Monday, March 4, 2013

Day 6 at Tiffin Service Center

Red Bay, AL

Not a whole lot to report happened during the weekend.  After waking up each morning last week at 5:00 AM to be at the bay doors at 7:00 AM we decided to sleep in a bit.  It's amazing how different the atmosphere at the service center campground is on the weekends versus the weekdays.  Our highlight Sunday was to take a trip up to Florence to shop for a few different things (food, new computer printer, and some other items).  Florence is about 45 miles northeast of Red Bay.

Today started off by us going over to speak to Billy (scheduler) in the service office.  All we currently have left on our original list of repairs is for the roof rails to be replaced and for our most important item, the interior water leak, to be fixed.  The roof rails are one of the "big" items being repaired by Tiffin at no cost, but appointments are not allowed for this.We found out that we are 5th in line for the roof repairs. This means probably Wednesday or Thursday before we get in a bay for this.  We requested a different tech to work with us on the water leak problem.  We heard nothing further today, so I decided to work on the OTA repair I first spoke about in last week's blog. 

With assistance from "Chas" on the TRVN forum I learned that I could contact the antenna supplier and order parts directly to effect the repair on my own.  The remainder of today's blog details the repair of the antenna, so if this would be of no interest to you, please feel free to "tune out" now.

Replacing the motor/drive assembly and amplifier circuit board on the Mini -State 5MS9000 VHF/UHF Antenna.

Step 1:   Remove the antenna from the roof by removing 4 screws holding the antenna to the roof brackets.
Step 2:   Remove 2 screws on the underside of the antenna to remove a small plastic plate which covers the coaxial cable and 3 controlling wires.
Step 3:  The entire circular antenna should be loose at this point.  GET OFF THE ROOF.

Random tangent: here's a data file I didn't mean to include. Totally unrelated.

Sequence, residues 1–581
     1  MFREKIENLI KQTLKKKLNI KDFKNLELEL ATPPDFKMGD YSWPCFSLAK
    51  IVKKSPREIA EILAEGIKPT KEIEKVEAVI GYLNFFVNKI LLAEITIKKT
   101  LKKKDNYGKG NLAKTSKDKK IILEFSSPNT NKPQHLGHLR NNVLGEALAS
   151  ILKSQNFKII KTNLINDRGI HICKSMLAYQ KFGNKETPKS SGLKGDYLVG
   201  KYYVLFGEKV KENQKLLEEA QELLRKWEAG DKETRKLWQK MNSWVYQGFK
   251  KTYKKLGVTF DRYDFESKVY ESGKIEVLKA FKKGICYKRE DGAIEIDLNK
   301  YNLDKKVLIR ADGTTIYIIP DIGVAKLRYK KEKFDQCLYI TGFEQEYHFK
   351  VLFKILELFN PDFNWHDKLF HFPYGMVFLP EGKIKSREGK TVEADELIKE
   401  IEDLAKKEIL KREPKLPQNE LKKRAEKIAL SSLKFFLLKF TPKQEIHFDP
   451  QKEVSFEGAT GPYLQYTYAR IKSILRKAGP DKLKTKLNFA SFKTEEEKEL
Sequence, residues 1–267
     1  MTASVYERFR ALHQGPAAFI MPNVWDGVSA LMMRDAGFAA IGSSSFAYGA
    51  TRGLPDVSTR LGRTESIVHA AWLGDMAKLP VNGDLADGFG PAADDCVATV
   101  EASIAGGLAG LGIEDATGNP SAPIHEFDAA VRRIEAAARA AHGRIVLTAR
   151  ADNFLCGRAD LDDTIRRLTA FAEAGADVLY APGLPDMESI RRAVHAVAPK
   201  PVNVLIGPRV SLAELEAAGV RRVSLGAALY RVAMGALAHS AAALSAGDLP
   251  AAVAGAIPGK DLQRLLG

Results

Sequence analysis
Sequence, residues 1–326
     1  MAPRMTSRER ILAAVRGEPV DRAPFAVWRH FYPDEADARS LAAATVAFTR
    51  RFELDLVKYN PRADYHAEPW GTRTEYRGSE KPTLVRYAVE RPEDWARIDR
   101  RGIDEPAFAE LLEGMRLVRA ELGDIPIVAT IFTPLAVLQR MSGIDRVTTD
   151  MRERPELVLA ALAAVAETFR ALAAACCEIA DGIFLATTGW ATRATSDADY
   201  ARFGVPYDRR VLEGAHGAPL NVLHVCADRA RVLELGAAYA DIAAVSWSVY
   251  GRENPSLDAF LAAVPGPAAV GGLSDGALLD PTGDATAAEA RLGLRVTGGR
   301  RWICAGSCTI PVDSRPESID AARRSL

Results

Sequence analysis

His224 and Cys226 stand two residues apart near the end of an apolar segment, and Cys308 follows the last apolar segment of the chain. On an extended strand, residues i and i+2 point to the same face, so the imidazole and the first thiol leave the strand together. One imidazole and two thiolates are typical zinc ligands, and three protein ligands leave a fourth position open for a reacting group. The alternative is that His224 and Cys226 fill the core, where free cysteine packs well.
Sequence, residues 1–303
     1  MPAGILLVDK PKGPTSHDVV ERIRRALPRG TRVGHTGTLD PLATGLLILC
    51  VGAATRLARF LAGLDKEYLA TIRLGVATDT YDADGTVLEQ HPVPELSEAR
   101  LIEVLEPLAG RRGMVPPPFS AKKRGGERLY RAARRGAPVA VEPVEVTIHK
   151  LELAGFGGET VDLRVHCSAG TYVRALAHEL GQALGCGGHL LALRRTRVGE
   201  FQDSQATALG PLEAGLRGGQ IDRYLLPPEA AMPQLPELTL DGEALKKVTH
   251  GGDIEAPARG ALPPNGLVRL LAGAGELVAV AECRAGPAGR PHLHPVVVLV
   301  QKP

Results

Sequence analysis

Step 4:  Separate the outer case of the antenna by removing 8 screws around the perimeter.




Step 5: Remove the drive/gear mechanism by unbolting 1 nut from the top of the gear cluster.




Step 6: Unsolder leads connecting the amplifier board to the metal band surrounding the styrofoam and either cut or melt the existing glue holding the amplifier board to the styrofoam.







Step 7: Position the new amplifier board and re-solder the connections severed in Step 6. Using a glue gun, replace the glue removed previously.





Step 8: Re-attach the drive/gear mechanism on the opposite side of the assembly by using 4 standoff bolts (same as removed originally).




Step 9:  Using the 8 screws removed in Step 4, re-assemble the two halves of the antenna's housing.

Step 10:  Lug everything back up to the roof and re-attach the wiring, coaxial cable, and 4 screws holding the antenna to the brackets on the roof. Hopefully, it will look something like this upon completion.


The entire cost of this complete reburbishing project for the antenna was $39.10.  The cost breakdown was $12.95 for the motor/drive assembly, plus $12.95 for the amplifier circuit board, and $13.20 for shipping.  Oh well, the antenna works again and it was quite a bit cheaper than buying a new one.

Thanks for stopping by to take a look!

9 comments:

  1. Maybe you can get a job at Red Bay to repair things.

    ReplyDelete
  2. That is an excellent tutorial on fixing the OTA antenna, so well done that even I could do it.

    Too bad I don't have that kind of antenna! ;c)

    Wise decision to request another tech for the water leak issue. Maybe fresh eyes on the problem will finally resolve it. Good luck!

    ReplyDelete
    Replies
    1. I think you're better off by not having this style of antenna. I miss my old "bat wing".

      Delete
  3. Good job fixing the antenna.

    I hope they get your repairs done quickly so you can get out of there. I know how tiring it can be at a service center. We take ours to Lazy Days here in Florida and they don't make you move in and out of the bays every day. Once they park you in a service bay, you are there until you're finished. You can sleep there and even have electric, water and dump if needed. Of course the view isn't real pretty and there are lots of lights on all night, but at least you don't have to move in and out. I wonder why they don't do it that same way at Red Bay?

    ReplyDelete
  4. Thanks for the instructions. One question .... Do the three wires that hook up to the three tabs provide the power for the rotor motor? If so what should I find on each wire? Would one be ground and the other two 12V when the appropriate remote button is pressed? Thanks in advance

    ReplyDelete
    Replies
    1. Stan I didn't measure the voltages at the leads, but here's the service manual for that unit. Cut and paste the link below:

      http://www.solidsignal.com/pview.asp?p=5ms9000&d=antennacraft-5ms9000-mini-state-directional-hdtv%2Fvhf%2Fuhf-tv-antenna-(5ms9000)&sku=716079001847

      Delete
    2. Thanks for the info ..... unfortunately the manual does not cover that issue. I can't turn the motor manually so it must be done. I will order a new one and install it as that seems to be the solution. Thanks again for your help.

      Stan

      Delete
  5. Hi steve
    I have one 5MS9000 in my Tiffin 35QBA but the motor drive is dead
    and I am in france, I don't know or buy this motor, you can give me an address ?? my email :ceforage@wanadoo.fr
    doady

    ReplyDelete